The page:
May 30, 2012

Thank You, Readers

Thanks to all of you who have been following and commenting on my blog. I wrote my very first post January 20, 2008. Four and a half years and 227 posts later, because of you, my blog surpassed 100,000 visits this last week.

For me, one of the best things about writing a blog is connecting with so many people that have their own challenges and accomplishments to write about - their own stories to tell. Yes, we ultra runners are a little different. Call us obsessive, intense, maybe a little nuts. But we're not bad company in the long run!  

I guess we all have our own reasons for running. For me writing them down somehow makes them more real. 

Keep the faith my fellow runners and readers, and thanks again for stopping by!

May 21, 2012

Mountain Splendor

Mt. San Gorgonio from Anderson Pk. 

There is nothing like running in the mountains. You breathe air that don't normally breathe. You see things you don't usually see. You find things you don't normally find.

If the mountains offer one thing, escaping the daily crap that we all obsess over is high on the list. Some people choose therapy. Others drugs. For me, mountains provide that relief.

Here are a few pics from last weekends run along the 10,000' ridge in the San Bernardino Mountain range.

Standing in a bed of Thorns
Metal Bin Stores Sign in Journal - Mt. San Bernardino E

Trail Merge Sign - Morgan before her San Gorgornio Ascent 

May 17, 2012

Finding Beauty In Absurdity (While Traveling)

I woke this morning to the sound of a train. A large freight train, probably headed for some Midwest junction loaded with pallets of iron and steel to feed our staggering economy. It was 4:30 am (eastern standard time) when I looked down on the clanging string of box cars from my 18th floor hotel room. It was still dark out and exactly 5 hours before my normal waking hour.

Over the years I’ve learned a little bit about running and traveling. The main thing is that all the sage advice I’ve received over the years, and all the sound training tips I’ve followed, when traveling, I can throw these things out the window.

Like getting enough sleep. I don’t know how many times I’ve read that I need 8 hours of sleep each night, especially when running a lot. It’s all about recovery they say. Hell, when I’m traveling, if I get 5 hours of sleep per night I’m not just feeling good, I’m feeling guilty. Trains, time zones, early flights, business dinners, meetings, jet lag, noisy hotel rooms, arid hotel rooms, caffeine, all of these things, they just suck the sleep right out of me.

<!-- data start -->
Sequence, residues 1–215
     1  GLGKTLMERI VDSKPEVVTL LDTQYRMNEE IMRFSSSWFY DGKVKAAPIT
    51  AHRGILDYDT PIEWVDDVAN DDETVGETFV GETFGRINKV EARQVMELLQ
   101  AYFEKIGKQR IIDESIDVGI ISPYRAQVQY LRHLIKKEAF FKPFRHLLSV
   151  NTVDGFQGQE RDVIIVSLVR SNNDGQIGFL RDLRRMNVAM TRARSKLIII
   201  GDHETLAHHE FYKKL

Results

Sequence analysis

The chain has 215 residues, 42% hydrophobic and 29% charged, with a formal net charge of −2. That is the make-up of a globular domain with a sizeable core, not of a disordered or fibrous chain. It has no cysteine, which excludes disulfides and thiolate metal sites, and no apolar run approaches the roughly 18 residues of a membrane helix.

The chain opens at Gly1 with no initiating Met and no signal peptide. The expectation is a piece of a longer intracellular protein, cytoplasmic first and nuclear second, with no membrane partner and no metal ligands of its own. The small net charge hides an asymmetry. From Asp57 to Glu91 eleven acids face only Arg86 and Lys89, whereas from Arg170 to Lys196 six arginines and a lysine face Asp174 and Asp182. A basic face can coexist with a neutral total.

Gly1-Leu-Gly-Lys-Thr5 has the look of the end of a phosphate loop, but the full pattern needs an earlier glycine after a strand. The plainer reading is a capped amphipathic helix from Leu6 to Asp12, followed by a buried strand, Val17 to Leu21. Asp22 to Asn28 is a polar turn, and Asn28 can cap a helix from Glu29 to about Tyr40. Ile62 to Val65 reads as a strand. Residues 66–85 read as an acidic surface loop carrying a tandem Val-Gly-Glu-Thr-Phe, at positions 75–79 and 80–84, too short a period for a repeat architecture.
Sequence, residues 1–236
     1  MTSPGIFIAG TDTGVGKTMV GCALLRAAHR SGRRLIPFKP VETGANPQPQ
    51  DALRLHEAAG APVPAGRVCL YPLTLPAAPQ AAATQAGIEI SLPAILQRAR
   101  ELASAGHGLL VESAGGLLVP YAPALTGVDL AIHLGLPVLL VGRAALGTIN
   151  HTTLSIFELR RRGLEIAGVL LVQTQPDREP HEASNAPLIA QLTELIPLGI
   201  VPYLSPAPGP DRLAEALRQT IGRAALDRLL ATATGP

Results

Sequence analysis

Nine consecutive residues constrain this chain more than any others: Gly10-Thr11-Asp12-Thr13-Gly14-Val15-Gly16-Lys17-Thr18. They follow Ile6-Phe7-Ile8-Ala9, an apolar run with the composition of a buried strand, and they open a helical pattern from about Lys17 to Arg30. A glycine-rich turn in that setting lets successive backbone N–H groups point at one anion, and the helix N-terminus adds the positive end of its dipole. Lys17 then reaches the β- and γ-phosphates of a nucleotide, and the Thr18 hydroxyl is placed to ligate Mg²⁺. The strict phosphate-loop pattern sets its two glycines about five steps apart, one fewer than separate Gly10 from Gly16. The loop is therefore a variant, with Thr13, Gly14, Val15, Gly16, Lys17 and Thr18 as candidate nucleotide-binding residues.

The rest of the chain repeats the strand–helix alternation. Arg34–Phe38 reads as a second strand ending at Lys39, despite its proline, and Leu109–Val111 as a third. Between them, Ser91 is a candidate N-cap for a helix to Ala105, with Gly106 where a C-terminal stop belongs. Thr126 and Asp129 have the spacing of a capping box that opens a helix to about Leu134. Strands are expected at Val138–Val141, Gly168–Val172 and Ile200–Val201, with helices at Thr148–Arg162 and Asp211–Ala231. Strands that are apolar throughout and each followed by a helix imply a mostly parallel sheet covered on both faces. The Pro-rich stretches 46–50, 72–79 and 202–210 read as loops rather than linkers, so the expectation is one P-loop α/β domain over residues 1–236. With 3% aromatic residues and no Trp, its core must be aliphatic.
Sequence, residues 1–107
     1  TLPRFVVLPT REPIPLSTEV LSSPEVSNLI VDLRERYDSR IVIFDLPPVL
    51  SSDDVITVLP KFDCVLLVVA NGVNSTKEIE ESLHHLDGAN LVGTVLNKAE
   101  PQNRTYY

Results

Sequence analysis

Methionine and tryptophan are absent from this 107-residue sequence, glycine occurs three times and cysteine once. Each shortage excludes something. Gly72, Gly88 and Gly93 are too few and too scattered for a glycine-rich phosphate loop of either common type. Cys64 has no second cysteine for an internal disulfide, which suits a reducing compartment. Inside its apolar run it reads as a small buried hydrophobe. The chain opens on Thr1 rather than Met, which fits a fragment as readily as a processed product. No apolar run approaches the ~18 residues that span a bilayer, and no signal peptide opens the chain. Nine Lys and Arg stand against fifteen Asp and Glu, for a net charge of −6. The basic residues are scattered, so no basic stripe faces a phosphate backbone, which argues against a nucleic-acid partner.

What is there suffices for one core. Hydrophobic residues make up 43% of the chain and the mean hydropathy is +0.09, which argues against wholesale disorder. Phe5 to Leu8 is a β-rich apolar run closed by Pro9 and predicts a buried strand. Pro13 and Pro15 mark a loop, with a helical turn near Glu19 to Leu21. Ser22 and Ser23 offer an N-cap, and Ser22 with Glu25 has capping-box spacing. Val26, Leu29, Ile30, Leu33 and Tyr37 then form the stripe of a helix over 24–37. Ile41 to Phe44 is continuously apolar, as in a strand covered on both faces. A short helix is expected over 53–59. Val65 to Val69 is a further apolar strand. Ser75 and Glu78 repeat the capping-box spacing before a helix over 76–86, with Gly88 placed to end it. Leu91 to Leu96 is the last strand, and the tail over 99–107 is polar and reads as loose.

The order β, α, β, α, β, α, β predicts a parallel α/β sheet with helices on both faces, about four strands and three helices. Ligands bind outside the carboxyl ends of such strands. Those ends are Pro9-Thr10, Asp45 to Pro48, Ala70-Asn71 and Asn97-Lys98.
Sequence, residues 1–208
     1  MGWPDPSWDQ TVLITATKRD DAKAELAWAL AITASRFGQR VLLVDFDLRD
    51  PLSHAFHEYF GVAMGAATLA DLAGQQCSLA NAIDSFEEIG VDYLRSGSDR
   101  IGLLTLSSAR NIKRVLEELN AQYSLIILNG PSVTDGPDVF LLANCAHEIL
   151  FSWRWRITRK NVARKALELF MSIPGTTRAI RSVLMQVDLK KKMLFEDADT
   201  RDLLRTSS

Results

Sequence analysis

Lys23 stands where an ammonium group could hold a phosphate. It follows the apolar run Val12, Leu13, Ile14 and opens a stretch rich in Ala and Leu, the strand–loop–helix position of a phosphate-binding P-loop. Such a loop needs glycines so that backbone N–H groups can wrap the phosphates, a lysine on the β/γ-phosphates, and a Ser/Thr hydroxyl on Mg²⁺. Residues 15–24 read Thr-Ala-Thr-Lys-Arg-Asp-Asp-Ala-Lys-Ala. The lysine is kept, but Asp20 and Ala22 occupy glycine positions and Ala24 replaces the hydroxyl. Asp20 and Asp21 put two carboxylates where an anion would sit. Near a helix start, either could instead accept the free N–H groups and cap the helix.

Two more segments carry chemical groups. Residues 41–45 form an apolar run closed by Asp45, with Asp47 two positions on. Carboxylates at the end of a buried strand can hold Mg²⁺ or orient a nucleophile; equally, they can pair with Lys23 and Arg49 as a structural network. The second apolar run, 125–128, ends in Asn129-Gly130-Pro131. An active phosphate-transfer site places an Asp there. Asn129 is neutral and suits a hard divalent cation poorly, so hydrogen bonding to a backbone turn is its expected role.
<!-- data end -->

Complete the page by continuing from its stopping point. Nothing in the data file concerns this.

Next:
Or eating a healthy, balanced diet. You know, the kind with lots of fruits and vegetables, protein, not too much fat and always enough fiber. Ehhh…on the road? Does red wine, New York strip steak, mashed potatoes, gravy and crème brulee qualify as a balanced training meal? Maybe for a Henry the Eighth jousting battle but probably not for the next 100k. I know, I need to be more creative with my meals. But I’m traveling in the mid west people!

Another is getting quality workouts. This one is a joke. Just when I’m supposed to be doing hill training to prepare for a race in the mountains, I’m running on bike path next to a river in Ohio. When I’m supposed to be building my skill on technical trails riddled with rocks, I’m running through an airport terminal trying to avoid security. It sounds absurd, but there is a certain beauty in absurdity. And, yes, I’m proud to have been stopped by airport security on more than one occasion! For me, it doesn't really matter—whether I’m training after a good night’s sleep and a helping of barley juice on a pristine trail overlooking some awe-inspiring mountain range, or red eyed with indigestion in the airport parking garage in Chicago, I’m still running. 

If I have the right perspective, I often find there are just as many interesting things to experience when running in less ideal places and conditions. In fact, when traveling, I find these unfamiliar places often have a little more flavor—with a little more indigestion, of course.

Being Escorted By Airport Security
Keep it real runners! 

May 8, 2012

Ultra Trail Mont Blanc - Finding Vertical

For every 1,000 feet I climbed at my first 100 mile race, Western States, I will climb 1,700 feet at UTMB. Compared to my last 100 mile event, Angeles Crest, where I climbed 19,000 feet, I will have to climb an additional 11,700 feet at UTMB.  

There is a total of 30,839 feet of ascent at UTMB. Over 60,000 total elevation change. To put that in perspective, that is 300 feet per mile of climbing. I’ve been measuring my training runs in the last few months, trying to come close to this. What I’ve learned is that it’s not only difficult to train in this much vertical, it’s hard to find it! I live in a pretty hilly area. I don’t have to go far to string together a long run with what I thought was a lot of elevation change. What I’ve found, however, is to achieve 300 feet per mile of climbing, I have to be running (and hiking) steep hills, up and down, all the time. No flat sections in between.

Looks like I’ll be spending a lot more time in the Santa Ana and San Bernardino Mountains in the next couple months...finding vertical.